Double Eagle 1933 (20 dollars) - Verdens dyreste mønt
I 1933 blev der præget 445.500 stk. Double Eagle 1933. For at få stoppet bankkrisen i 1930'erne
blev det forbudt at eje og benytte guldmønter i USA, dog fik møntsamlere lov til stadig at have dem i samlingerne. US Mint omsmeltede nu alle eksemplarer af Double Eagle 1933 undtagen 2 stk., som blev overdraget til Den Amerikanske Numismatiske
9 eksemplarer dukkede op på auktioner i 1940'erne
På auktioner mv. dukkede der alligevel i alt 9 eksemplarer op. De 8 blev konfiskeret og destrueret. Man var sikker på der må havet
været en uærlig person ansat på US Mint og man fandt den formodede tyv, men han kunne ikke restforfølges, på grund af forældelse.
A judge ruled that 10 rare gold coins worth $80 million belonged to the U.S. government, not a family that had sued the U.S. Treasury, saying it had illegally seized them.
Saint-Gaudens double eagle coin was originally valued at $20, but one owned by King Farouk of Egypt sold for as much as $7.5 million at a Sotheby's auction in 2002, according to Courthouse News.
After the U.S. abandoned the gold standard, most of the
445,500 double eagles that the Philadelphia Mint had struck were melted into gold bars.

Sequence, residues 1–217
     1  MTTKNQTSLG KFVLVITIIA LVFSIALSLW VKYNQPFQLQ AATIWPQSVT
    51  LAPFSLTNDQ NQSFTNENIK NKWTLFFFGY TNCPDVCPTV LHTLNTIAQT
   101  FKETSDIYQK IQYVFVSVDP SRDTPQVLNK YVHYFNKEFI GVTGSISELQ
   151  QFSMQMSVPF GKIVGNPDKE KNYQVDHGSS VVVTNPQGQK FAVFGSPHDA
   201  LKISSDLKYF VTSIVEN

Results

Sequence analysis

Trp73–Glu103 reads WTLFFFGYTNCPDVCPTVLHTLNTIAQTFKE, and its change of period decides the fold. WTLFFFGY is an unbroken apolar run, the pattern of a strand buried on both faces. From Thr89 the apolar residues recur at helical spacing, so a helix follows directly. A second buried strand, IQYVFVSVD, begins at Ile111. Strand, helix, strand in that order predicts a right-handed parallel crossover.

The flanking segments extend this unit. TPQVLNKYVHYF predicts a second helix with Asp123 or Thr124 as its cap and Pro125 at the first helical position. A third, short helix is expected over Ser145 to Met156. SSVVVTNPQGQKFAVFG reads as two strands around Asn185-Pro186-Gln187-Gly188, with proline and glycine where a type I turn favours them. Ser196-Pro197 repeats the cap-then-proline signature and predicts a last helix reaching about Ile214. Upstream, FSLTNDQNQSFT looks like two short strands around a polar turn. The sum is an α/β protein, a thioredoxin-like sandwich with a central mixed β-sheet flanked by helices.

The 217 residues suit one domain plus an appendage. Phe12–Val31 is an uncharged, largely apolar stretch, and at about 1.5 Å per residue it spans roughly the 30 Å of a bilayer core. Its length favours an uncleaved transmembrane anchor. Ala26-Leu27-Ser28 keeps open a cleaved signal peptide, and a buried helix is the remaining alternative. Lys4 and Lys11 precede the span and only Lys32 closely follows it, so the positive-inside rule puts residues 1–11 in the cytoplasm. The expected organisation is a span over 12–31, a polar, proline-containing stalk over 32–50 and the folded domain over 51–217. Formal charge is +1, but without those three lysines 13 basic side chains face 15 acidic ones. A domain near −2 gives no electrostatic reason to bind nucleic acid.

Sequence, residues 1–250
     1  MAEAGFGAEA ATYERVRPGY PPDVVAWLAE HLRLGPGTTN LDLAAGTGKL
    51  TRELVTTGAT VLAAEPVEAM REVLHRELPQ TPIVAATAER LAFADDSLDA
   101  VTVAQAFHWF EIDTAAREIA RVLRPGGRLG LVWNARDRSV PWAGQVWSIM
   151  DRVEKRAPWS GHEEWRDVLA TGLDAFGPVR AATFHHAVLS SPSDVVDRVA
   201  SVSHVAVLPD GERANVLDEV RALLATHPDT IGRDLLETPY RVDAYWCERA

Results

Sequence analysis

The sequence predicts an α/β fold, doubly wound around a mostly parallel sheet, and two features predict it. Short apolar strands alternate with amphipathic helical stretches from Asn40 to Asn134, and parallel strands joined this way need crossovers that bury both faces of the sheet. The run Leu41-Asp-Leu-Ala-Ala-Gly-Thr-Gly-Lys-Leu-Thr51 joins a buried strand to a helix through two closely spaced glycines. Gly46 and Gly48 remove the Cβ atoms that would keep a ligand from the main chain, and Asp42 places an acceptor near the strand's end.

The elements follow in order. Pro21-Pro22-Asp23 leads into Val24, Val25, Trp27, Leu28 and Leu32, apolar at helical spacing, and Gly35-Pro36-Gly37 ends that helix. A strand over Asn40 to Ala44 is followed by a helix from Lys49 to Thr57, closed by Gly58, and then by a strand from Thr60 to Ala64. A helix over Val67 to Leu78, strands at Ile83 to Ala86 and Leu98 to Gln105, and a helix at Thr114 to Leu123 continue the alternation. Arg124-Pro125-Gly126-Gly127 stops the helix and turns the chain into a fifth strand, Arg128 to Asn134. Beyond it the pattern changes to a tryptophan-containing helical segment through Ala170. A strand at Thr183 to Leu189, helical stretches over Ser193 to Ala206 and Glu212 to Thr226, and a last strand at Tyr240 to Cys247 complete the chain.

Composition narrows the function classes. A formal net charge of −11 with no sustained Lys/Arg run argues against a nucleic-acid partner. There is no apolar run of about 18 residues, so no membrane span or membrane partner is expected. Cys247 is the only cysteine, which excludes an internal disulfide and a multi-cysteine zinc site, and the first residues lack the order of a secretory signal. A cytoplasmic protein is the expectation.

However, a Philadelphia Mint cashier had managed to give or sell some of them to a local coin dealer, Israel Switt. In 2003, Switt's family, his daughter, Joan
Langbord, and two grandsons, drilled opened a safety deposit box that had belonged to him and found the 10 coins. When the Langbords gave the coins to the Philadelphia Mint for authentication, the government seized them without compensating the family. The Langbords sued, saying the coins belonged to them. In 2011, a jury decided that the coins belonged to the government, but the family appealed. Last week, Judge Legrome Davis of the Eastern District Court of Pennsylvania, affirmed that decision,
saying "the coins in question were not lawfully removed from the United States Mint." Barry Berke, an attorney for the Langbords, told ABCNews.com, "This is a case that raises many novel legal questions, including the limits on the government's power
to confiscate property. The Langbord family will be filing an appeal and looks forward to addressing these important issues before the 3rd Circuit."
The family said in its suit that in another seizure of the 1933 double eagle, the government split the
proceeds with the owner after the coin sold for $7.59 million in 2002, according to Coinbooks.org.